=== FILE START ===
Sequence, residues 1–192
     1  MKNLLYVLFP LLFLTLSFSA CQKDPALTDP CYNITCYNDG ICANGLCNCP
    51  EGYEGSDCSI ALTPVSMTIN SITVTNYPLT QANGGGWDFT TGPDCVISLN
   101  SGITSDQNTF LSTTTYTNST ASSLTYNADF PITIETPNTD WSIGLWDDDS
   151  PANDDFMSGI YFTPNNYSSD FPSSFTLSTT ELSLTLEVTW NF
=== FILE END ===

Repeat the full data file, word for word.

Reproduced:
Sequence, residues 1–192
     1  MKNLLYVLFP LLFLTLSFSA CQKDPALTDP CYNITCYNDG ICANGLCNCP
    51  EGYEGSDCSI ALTPVSMTIN SITVTNYPLT QANGGGWDFT TGPDCVISLN
   101  SGITSDQNTF LSTTTYTNST ASSLTYNADF PITIETPNTD WSIGLWDDDS
   151  PANDDFMSGI YFTPNNYSSD FPSSFTLSTT ELSLTLEVTW NF